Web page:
I had an idea whilst sat on the tube today. Got around to thinking that it may have a bit of an entertainment factor, at least, experiencing these myself gave me a bit of a laugh. Time Out London does something similar, called Word on The Street taking some of the wildest overheard bits from Londoners on the street rushing about from meeting to meeting, nipping out for a quick lunch or hopping to the pub for a night out. Some of these things really make you pause and think, â€œDid someone REALLY say that, or are they just making these up?â€ My list, whilst not all eavesdropped bits of conversations may be the latest advert that captivated my attention, an interesting waiter at a restaurant, a book that made me outright have a giggling fit in the shop â€“ anything that comes to mind.
HOW TO BE VEGAN (AND KEEP YOUR FRIENDS)
Iâ€™m sure weâ€™re all familiar with the veganism-craze that seems to be taking major cities and the rest of the world by storm. Being in London for a healthy part of the past few years, Iâ€™ve dabbled a bit with vegan cooking and even trying some vegan options from restaurant menus all over the city. My verdict â€“ vegan cooking can be quite good, and in all honesty is something that Iâ€™d like to learn how to do. Would I consider myself a vegan? Absolutely not. Iâ€™m sure weâ€™ve all heard the arguments for why veganism is quite good for the body and for the environment, but let me give you my three reasons as to why this way of eating wouldnâ€™t be conducive to my lifestyle.
The reasons I give may seem a bit frivolous, but are actually some of my favourite guilty pleasures to indulge in. The first being cheese. Plain and simple, I couldnâ€™t give that up. One of my favourite ways to spend a summer evening is with a delightful spread of cheeses, fruits, jams and wine along with fantastic company â€“ and the vegan alternatives, in my opinion, are not as tantalizing. Second being coffees. Iâ€™ve tried and tried to get on to the oat milk and almond milk coffee trends, but Iâ€™ve had to force myself to finish my drink each time Iâ€™ve ordered one. For me, nothing can replace a divine latte with a regular milk. Lastly, I love eating eggs in the morning â€“ scrambled with avocado and toast, rolled into a burrito, made into a scramble with spinach and peppers, the possibilities are plentiful. Whilst not all of us will be jumping on the veganism wagon, for those of you that are, Iâ€™ve found a book perfect for you â€“ a cookbook titled How to Be Vegan (and Keep Your Friends). When I saw the title, I had a proper giggle in the shop and immediately took a snap. I even had the chance to look through a few of the recipes and actually noticed one for a good coconut curry â€“ if youâ€™re keen on curries, then youâ€™re in luck!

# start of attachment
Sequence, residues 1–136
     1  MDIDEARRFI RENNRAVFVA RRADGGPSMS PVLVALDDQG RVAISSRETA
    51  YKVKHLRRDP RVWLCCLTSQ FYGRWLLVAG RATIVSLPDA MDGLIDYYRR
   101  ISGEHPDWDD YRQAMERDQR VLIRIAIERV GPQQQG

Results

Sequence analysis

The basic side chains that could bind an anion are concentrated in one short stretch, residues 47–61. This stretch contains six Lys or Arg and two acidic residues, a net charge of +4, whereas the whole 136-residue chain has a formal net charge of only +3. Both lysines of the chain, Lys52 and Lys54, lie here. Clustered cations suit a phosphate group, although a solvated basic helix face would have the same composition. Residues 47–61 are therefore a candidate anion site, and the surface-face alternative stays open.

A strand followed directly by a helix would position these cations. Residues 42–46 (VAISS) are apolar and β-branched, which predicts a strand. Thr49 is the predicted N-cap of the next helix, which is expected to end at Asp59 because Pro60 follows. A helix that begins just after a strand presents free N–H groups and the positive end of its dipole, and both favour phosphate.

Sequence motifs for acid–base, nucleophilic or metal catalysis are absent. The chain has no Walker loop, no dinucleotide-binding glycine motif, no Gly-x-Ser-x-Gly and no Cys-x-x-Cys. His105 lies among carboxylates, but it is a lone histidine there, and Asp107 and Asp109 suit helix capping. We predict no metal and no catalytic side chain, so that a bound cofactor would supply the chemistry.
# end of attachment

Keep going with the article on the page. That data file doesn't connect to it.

FALLING HEAD OVER HEELS FOR THE TUBE